Meanwhile, the LTFRB’s Chief Transportation Development Officer Joel Bolano was quick to soothe fears of an impending jeepney fare hike.

Gusto ko rin po ipaalala na ‘yung pagtaas po ng ating pamasahe lagi pong dumadaan sa discussion o mga hearings na ginagawa po ng LTFRB,” Bolano said, adding that the LTFRB also considers inputs from other government agencies, like estimates from the National Economic and Development Authority on how a fare hike could impact inflation.

(I’d also like to reiterate that increases in fares always pass through discussions and hearings conducted by the LTFRB.)

Bolano also mentioned that some cooperatives, which have already bought modern jeepney units, wanted to keep the current minimum fares, fearing that a raise in minimum fares would lead to fewer passengers and cut their revenues.

Asked by Rappler whether the requirement to upgrade to modern jeepneys would lead to higher fares, Boleno said that changes to minimum fares was usually related to fuel costs.

Officer-in-charge program manager of the PUV modernization program Sharmaine Enales also said that the requirement to modernize would also be supported by service-contracting fuel subsidy programs.

“These are all operational subsidies that, hopefully, will aid the operations of our transport service entities in their operations. Hopefully, this will cushion or subsidize the operations cost…affected by the volatility of our fuel market prices,” Enales said in a mix of English and Filipino.

Previously, the DOTr and LTFRB also shot back against a statement by IBON Foundation that minimum fares could reach up to P50 in five years due to the costs of modern jeepneys, calling such predictions “falsehoods” being spread by minority groups to “sow fear.” (READ: Gov’t denies job loss, higher fares even as only half of jeepneys in NCR consolidate)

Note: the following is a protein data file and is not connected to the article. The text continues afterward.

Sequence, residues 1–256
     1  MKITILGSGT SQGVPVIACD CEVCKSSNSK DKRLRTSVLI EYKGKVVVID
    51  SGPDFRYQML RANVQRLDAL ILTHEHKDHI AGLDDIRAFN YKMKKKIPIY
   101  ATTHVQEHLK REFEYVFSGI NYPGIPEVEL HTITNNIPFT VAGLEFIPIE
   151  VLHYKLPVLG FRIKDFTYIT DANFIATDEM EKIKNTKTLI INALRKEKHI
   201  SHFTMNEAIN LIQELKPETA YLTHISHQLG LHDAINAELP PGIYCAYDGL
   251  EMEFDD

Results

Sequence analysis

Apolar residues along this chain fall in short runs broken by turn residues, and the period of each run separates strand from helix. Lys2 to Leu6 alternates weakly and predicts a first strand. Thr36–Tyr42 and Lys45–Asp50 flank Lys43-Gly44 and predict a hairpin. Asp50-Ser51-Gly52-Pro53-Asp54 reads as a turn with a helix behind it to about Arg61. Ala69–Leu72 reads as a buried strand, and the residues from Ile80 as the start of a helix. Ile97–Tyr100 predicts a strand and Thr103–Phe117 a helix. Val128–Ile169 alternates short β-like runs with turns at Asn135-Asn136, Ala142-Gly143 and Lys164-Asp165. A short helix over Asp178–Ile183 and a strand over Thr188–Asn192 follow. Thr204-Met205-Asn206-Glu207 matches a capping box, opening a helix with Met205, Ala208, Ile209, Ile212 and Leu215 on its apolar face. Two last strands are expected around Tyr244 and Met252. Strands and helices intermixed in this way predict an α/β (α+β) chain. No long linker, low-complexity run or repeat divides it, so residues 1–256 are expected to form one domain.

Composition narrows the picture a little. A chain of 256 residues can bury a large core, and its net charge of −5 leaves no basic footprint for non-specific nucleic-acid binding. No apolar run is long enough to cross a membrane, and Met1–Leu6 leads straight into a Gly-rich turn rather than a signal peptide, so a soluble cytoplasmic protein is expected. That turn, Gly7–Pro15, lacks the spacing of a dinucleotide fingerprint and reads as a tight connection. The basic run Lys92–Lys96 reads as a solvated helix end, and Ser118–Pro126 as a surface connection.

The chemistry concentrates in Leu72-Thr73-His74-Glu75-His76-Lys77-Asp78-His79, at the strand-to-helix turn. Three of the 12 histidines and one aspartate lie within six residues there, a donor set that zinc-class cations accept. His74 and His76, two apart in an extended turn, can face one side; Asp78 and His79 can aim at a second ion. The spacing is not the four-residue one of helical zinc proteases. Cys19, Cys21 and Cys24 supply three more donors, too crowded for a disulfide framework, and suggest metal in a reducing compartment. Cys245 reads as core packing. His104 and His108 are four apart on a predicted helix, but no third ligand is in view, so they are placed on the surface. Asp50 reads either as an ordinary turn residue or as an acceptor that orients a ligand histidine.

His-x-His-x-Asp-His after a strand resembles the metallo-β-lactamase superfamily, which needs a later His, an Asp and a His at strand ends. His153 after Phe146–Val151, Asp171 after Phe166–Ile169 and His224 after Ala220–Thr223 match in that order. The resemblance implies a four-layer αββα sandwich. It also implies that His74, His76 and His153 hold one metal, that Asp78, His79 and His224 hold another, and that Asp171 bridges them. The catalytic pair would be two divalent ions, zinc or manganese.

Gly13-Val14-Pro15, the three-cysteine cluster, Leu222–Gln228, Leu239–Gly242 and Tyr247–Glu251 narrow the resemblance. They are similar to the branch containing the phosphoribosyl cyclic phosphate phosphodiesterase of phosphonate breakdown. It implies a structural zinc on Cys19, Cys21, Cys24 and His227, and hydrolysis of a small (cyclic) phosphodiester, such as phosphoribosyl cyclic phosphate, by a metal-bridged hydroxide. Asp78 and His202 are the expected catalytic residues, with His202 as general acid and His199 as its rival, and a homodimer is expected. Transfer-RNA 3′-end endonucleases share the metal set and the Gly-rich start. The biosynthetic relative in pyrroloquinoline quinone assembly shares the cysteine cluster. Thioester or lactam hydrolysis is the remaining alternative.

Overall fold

Meanwhile, Leonard John Sarao – operations supervisor of the renowned jeepney manufacturer Sarao Motors – countered the LTFRB’s assumption, saying that the loan payments that operators bear for the modern jeepneys would now be a new factor in deciding minimum fares.

In the past, before operators were asked to upgrade to pricey modern jeepneys, Sarao said that the price of fuel was the main factor in determining the minimum fare.

“But now, with the increased cost of the modern unit, I think it directly correlates to the monthly amortization na binabayaran po, kaya din siya magtataas (that they pay, which is why it might go up),” Sarao said on Monday. “So again, this is something new, which needs to be pondered upon.” – Rappler.com

Could Maharlika Fund’s investment in a jeepney manufacturer save PUV modernization?

Could Maharlika Fund’s investment in a jeepney manufacturer save PUV modernization?

Affordable commutes is one way we can #MakeManilaLiveable. Join this push by journalists and communities to improve quality of life in Philippine cities, through community-driven storytelling and events that link ordinary citizens with policymakers and government officials. Learn more about the movement, and how to volunteer, here.

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Lance Spencer Yu

Lance Spencer Yu is a multimedia reporter who covers the transportation, tourism, infrastructure, finance, agriculture, and corporate sectors, as well as macroeconomic issues.